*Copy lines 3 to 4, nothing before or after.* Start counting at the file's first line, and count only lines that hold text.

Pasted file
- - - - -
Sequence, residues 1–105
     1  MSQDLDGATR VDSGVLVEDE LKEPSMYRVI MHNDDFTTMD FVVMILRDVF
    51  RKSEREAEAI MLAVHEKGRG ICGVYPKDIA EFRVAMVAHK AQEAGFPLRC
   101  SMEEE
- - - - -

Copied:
    51  RKSEREAEAI MLAVHEKGRG ICGVYPKDIA EFRVAMVAHK AQEAGFPLRC
   101  SMEEE